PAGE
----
A new Lu-177-PSMA ligand has good results in a new study


Targeted nuclear medicine has shown some impressive outcomes in several small studies, mostly conducted in Germany. Most of the studies have used a radioactive beta-particle emitter, lutetium-177, attached to a ligand that has high and specific affinity for prostate cancer cells.

Most medicines developed for this purpose have a ligand that attaches to prostate-specific membrane antigen (PSMA), a protein found on 90 percent of all prostate cancer cells. The ligand for Lu-177-PSMA has to have a “grappling hook” on one end (called a chelator) that holds onto the Lu-177. On the other end is a “magnet” of sorts that binds tightly to the PSMA. The beta-particles then kill the cell that the ligand attaches to and some nearby cells as well.

There are also ligands that attach to prostate cancer proteins other than PSMA, and radioactive elements other than Lu-177 that are in clinical trials. This is a rapidly developing field.

The new ligand is called PSMA-I&T (imaging and therapy) or sometimes PSMA-DOTAGA. The ligand used in most of the other studies was PSMA-617 (also known as PSMA-DKFZ) or PSMA-J591. The ideal ligand attaches strongly to PSMA in prostate cancer tumors and to nothing else. Importantly, it should not accumulate in the kidneys to a great extent because it could damage them.

Last year, the Central Clinic of Bad Berka, in Germany, reported on 56 patients treated with Lu-177-PSMA-I&T (see this link). Eighty percent of treated patients had a PSA response and toxicity was minor. Heck et al.  at the Technical University of Munich reported on 19 metastatic castration-resistant patients who were treated with 7.4 GBq per cycle and up to 4 cycles:

  • In 56 percent, PSA decreased by at least 30 percent.
  • In 33 percent, PSA decreased by at least 50 percent.
  • In 11 percent, PSA decreased by at least 90 percent.
  • Complete remission of metastases occurred in 5 percent.
  • Metastases stayed stable in 63 percent.
  • Metastases progressed in 32 percent.
  • Performance status was stable or improved in 74 percent.
  • In those with bone pain, performance was reduced partially or completely in 58 percent
  • Mild (Grade 1 or 2) toxicities included dry mouth (37 percent), anemia (32 percent), and platelet loss (25 percent).
  • There were no severe (Grade 3 or 4) toxicities.
  • There was no kidney toxicity up to 40 GBq (see this link)

A meta-analysis looked at the PSMA-I&T and PSMA-617 ligands in relation to the PSMA-J591 ligand. With a combined sample size of 369 patients across 10 studies, Calopedos et al. reported that:

  • 68 percent of patients had some PSA decline.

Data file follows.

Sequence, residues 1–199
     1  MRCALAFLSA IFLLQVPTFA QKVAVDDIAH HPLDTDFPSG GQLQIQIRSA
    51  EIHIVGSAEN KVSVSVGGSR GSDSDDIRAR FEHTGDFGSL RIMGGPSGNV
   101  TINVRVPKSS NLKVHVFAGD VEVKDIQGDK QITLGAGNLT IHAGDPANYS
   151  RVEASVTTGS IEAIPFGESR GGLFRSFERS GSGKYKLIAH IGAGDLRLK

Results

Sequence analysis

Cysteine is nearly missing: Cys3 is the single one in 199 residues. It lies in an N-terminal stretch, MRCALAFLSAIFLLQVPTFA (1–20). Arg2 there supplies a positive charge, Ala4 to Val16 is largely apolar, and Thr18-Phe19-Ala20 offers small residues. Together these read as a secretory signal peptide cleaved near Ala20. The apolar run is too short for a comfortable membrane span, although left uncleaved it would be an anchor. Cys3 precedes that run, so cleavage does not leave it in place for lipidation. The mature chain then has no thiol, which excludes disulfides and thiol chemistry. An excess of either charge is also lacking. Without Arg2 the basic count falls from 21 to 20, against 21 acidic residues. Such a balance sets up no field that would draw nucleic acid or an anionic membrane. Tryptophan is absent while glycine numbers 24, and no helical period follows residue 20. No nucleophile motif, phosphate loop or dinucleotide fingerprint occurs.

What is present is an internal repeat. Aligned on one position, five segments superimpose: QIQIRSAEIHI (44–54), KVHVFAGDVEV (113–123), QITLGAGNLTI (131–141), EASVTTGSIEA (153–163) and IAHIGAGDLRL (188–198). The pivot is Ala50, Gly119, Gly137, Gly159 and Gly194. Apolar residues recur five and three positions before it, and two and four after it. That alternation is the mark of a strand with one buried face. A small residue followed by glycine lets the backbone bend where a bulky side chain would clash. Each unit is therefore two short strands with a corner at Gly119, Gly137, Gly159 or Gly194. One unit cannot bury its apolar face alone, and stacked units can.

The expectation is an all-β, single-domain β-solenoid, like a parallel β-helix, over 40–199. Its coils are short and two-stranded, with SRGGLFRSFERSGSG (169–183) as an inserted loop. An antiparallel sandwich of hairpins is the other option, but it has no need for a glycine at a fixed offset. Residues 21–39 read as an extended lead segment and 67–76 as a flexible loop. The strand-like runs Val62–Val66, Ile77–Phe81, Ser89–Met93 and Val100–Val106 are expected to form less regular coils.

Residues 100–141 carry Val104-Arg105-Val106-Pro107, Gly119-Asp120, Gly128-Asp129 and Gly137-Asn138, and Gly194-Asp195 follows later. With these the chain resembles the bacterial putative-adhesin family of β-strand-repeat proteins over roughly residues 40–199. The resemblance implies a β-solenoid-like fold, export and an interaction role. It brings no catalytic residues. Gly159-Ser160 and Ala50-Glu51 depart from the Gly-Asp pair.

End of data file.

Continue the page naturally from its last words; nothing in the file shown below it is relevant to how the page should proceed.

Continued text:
• 37 percent of patients had a PSA decline of at least 50 percent.
  • More patients had a PSA decline with the PSMA-I&T and PSMA-617 ligands, but there was a wide range of outcomes.

These early indicators look good. Even if it just stabilizes performance status and mitigates bone pain in these end-stage patients, there is an important benefit.

Of course, what we really want to see is evidence that it increases overall survival

While PSMA-I&T was developed to be a good ligand for imaging purposes as well as therapeutic purposes, a recent study found that, when used with gallium-68 (Ga-68, a positron emitter), PSMA-HBED-CC (also known as PSMA-11) was slightly better at detecting metastases (see this link). Another PSMA ligand, DCFPyL, that incorporates the positron emitter fluorine-18 into the ligand more tightly (avoiding chelation, which can easily be reversed), seems to be superior to the Ga-68-PSMA-HBED-CC PET tracer (see this link). Both DCFPyL PET and Ga-68-HBED-CC PET are in numerous clinical trials in the US and Canada. Lu-177 is a gamma-emitter that can be seen by a gamma camera or via SPECT. However, it is usually used in conjunction with a positron-emitter in order to obtain a superior image.

Editorial note: This commentary was written by Allen Edel for The “New” Prostate Cancer InfoLink.

3 Responses

  1. Are there any studies with radiolabeled PSMA under way in the early therapy after biochemical recurrence, when you don’t know whether the cancer is local orr systemic? These therapies could help in both cases, radiotherapy only in local recurrence.

  2. Sounds very encouraging. I see a trip to Germany in my future.

  3. Wolfgang:

    The only trials I’m aware of in the US are all for men who are castration-resistant. I don’t know whether they are doing clinical trials in Germany on men with less advanced disease. In the US, there is a trial of Lu-177-PSMA-J591 + ketoconazole in men who are not yet detectably metastatic but are castration-resistant: NCT00859781.

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